I am opening this article on the wines of Jardin du Nil with an apology. Three years ago I reviewed a range of wines from Sahara Vineyards in Egypt. Having seen the review, in 2010 Jardin du Nil were kind enough to send me some samples of their Egyptian wines. The samples were not tasted immediately and somehow slipped to the back of my tasting cellar. On rediscovering these three wines in summer 2012 I decided to open and taste them, even though I feared the white wine in particular would not be at its freshest. My tasting notes on these wines follow, after two years of imperfect storage.
Jardin du Nil is the premium, organically-farmed range of wine company Kouroum of the Nile. The company points out that winemaking in Egypt has 5000 years of recorded history, and that the wines of Egypt once enjoyed recognition throughout the world. Some claim that Egyptian winemakers developed the winemaking techniques that were transferred through Greece and Rome and onto the world. But the reputation of Egypt for winemaking in the modern world is almost non-existent outside the country’s borders. Kouroum of the Nile say they are striving to “revive the Egyptian vineyard and place Egypt on the wine map once more.”
The main vineyards are located 50km north of Cairo, on the Desert road to Alexandria, with a total planted area of 400 acres, planned to reach 500 acres by the end of this year. There are other vineyards in the Sinai peninsula near the border with Israel and Jordan, and 120 acres more in Minya in Upper Egypt. Clearly heat and lack of water are two of the main challenges to winegrowers in Egypt, and various experimental plantings have seen Kouroum focus on Cabernet Sauvignon, Merlot, Syrah and Petit Verdot for red wines, Chardonnay, Vermentino, Viognier and Muscat d’Alexandrie for white wines and Grenache, Montepulciano and Merlot for rosé. One local white grape called Bannati was found in Minya and is said to be yielding excellent results.
Irrigation wells up to 100 metres deep feed drip lines along every row. It is interesting that I should rediscover these samples just at a time when less familar wine places seem to be having the spotlight thrown on them: Marks & Spencer have recently launched a new range including wines from Israel, Lebanon and Turkey amongst others, The Wine Society has been promoting wines from Morocco, Slovenia and Romania, and Waitrose has just listed wines from China and Brazil. Whilst there might be relatively few of these wines that are ground-breaking in any way, the chance to taste something new, from somewhere new, is always interesting. I’d happily enjoy a glass or two of these Egyptian wines in the future.
The wines are not currently in the UK.
Jardin du Nil, Grand Vin d’Egypt White 2008, Egypt
A blend of Chardonnay and Vermentino, this showed a touch of oxidation which I am certain is entirely down to my mistreatment of the wine. But beyond that there is good varietal character here, with the lemony quality of the Vermentino and crisp apple of the Chardonnay fruit. On the palate is quite soft and low in acidity, with a pleasingly mellow touch of honey to the orchard fruits. It could perhaps be a little more concentrated, a little sharper, but given that it is from 2008 it still delivers a very enjoyable mouthful of wine. It would be unfair to score this sample, but it is clearly a wine of good quality.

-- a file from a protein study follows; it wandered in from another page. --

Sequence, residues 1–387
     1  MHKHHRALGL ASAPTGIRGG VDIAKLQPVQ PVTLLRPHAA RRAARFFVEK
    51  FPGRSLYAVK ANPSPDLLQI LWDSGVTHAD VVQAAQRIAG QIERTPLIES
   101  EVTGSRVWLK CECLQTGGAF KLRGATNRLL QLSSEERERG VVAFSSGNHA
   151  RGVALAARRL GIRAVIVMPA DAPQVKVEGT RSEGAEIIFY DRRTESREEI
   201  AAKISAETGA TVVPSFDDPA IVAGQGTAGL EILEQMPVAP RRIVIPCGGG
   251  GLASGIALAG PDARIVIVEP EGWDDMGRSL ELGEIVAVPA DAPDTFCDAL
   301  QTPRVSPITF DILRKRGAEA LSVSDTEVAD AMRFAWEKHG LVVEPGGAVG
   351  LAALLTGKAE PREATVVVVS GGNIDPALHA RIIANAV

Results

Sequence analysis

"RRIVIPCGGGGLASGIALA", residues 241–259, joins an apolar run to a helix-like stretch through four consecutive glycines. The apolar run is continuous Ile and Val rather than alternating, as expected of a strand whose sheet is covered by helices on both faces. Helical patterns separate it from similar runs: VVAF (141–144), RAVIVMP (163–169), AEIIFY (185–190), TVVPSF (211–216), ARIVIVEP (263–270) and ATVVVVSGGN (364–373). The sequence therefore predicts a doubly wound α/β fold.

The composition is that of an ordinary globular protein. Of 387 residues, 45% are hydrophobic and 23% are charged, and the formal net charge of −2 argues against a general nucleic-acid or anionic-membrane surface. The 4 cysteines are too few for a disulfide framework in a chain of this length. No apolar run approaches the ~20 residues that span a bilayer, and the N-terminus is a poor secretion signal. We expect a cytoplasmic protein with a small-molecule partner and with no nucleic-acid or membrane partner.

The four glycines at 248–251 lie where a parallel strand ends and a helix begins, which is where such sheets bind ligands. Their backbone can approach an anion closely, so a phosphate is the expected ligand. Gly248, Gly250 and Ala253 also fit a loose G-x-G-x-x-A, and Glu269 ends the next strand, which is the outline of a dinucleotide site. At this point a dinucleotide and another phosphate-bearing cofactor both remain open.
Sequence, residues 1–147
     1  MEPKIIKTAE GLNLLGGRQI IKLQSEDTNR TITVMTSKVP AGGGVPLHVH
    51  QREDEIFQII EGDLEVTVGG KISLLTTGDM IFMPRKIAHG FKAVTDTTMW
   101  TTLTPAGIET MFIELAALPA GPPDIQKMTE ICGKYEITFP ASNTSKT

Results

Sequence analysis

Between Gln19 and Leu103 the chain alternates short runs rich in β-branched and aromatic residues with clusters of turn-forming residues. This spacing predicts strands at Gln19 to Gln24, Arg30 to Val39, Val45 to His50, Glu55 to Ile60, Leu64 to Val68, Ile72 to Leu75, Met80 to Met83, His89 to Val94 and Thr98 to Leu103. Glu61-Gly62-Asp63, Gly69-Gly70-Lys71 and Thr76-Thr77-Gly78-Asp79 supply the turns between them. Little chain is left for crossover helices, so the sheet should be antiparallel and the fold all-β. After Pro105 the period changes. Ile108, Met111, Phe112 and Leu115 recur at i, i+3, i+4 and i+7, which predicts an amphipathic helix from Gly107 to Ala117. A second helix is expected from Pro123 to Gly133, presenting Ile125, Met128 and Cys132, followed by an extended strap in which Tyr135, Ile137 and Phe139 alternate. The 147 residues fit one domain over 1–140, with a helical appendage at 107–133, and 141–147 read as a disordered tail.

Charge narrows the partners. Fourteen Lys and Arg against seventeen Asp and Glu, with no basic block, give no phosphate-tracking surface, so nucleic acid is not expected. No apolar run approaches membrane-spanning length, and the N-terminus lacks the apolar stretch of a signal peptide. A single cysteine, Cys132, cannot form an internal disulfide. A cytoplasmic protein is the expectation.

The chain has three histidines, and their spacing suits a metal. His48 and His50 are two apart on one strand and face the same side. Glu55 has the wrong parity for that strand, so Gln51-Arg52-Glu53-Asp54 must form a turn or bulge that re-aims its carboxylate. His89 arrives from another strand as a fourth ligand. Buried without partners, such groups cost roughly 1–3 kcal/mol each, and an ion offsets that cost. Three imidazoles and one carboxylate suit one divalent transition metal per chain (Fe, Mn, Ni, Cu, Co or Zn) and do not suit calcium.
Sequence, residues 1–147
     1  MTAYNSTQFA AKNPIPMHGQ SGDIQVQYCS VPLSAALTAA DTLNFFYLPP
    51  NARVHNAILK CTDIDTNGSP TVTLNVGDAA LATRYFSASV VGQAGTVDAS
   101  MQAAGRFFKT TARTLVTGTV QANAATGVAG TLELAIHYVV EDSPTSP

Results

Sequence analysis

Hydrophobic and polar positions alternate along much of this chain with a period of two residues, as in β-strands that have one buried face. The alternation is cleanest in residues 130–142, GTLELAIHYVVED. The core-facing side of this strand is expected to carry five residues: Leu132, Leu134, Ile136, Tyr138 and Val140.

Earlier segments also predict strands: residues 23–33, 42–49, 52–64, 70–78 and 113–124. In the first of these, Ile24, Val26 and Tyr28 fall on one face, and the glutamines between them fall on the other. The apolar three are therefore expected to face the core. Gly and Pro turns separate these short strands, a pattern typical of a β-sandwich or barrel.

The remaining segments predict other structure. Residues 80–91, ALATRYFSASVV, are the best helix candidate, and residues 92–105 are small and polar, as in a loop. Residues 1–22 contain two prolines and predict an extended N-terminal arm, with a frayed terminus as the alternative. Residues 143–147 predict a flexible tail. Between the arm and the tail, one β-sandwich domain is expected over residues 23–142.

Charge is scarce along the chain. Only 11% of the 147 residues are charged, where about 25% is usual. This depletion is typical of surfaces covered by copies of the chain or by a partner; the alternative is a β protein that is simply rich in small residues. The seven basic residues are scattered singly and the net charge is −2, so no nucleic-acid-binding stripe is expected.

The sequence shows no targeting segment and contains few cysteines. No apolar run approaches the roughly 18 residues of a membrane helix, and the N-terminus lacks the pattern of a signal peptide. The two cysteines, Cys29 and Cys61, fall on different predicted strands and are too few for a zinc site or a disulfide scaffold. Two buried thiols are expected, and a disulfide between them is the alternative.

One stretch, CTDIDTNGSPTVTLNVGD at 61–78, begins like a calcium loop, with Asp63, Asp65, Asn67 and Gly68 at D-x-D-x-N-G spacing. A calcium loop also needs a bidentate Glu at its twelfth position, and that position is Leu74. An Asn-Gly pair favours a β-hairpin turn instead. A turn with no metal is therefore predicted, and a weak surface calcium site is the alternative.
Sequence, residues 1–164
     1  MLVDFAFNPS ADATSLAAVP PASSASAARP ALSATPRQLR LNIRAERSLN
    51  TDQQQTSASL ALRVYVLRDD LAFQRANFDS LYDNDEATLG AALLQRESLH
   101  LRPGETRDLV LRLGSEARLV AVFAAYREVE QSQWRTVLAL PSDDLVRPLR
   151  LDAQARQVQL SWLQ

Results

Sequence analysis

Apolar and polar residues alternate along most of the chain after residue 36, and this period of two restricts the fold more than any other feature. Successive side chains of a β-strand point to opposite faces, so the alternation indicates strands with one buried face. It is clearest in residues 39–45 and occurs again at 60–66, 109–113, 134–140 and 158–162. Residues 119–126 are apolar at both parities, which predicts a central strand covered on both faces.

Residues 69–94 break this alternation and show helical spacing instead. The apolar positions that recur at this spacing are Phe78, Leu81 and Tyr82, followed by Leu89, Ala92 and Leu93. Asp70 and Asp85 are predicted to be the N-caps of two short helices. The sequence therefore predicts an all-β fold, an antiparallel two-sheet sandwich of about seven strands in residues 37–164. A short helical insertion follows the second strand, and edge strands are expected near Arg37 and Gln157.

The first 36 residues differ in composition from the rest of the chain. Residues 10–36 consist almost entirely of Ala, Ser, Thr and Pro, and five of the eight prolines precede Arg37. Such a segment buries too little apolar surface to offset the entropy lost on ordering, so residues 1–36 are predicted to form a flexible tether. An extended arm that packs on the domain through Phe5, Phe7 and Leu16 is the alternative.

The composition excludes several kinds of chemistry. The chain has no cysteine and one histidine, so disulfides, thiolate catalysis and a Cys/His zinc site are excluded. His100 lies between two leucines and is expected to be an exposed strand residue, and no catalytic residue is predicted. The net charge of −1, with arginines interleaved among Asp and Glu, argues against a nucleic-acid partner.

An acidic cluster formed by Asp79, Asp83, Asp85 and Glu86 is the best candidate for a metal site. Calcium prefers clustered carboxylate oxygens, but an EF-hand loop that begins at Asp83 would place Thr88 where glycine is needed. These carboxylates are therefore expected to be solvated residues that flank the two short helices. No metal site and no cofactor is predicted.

Jardin du Nil, Grand Vin d’Egypt Red 2007, Egypt
A blend of Cabernet Sauvignon, Merlot, Petit Verdot and Syrah, this has a very appealing and attractive nose, with plenty of meaty ripeness moving into bloody and stewed Italian tomato, but with solid red berries too. On the palate again the acid is low, but this has very good overall balance, the fruit quite savoury, fleshy and ripe, the soft tannin structure and enough acid to give it a bit of a chewy edge, and decent length. 86-87/100.
I am planning a trip to Egypt and want to center around wine. I can hardy find any info on the wine regions. If anyone has any info on where to go I would be very grateful!
Thanks for getting in touch. This article is pretty old as you can see – published 2012 – and unfortunately I don’t have much updated information on the wine scene in Egypt. There’s some info from other wine-pages visitors below, but sorry I cannot help.
I’m sitting in the Marriott hotel in Cairo (near the pyramids of Gizeh) and here the Jardin du Nil is widely available. It is a great wine (trying the 2018 Viognier which was a surprise to me. A real treat! Now the problem is where to buy the wine to take home.
Good to know you are enjoying the wines Erik. I am not sure whether there is international distribution, so you’d better find a local supplier to fill up your suit-case 🙂
You can order it online here: cheersegypt.com
Unfortunately, the main stores franchise (drinkies) don’t have it.
I am looking for it all over Cairo and cannot seem to find it.
Hi, unfortunately I have no knowledge of Egyptian suppliers, or whether this wine is still being made: my review is over six years old and I see the link I had to the winey is no longer working, so my apologies but I cannot answer your question.
The wine I believe is made in El Gouna on the red sea. It is widely available there. You could also try cheers alcohol supplier as I think they are linked.
Well just had a 2012 red and was expecting something akin so sour vinegar but stunned simply stunned by the taste. Fir the price paid I would say it still.matches your rating possibly a little higher. More than pleasently surprised. The only shame was that it was the hotels last bottle
Thanks for the feedback Stuart, and glad it was drinking well.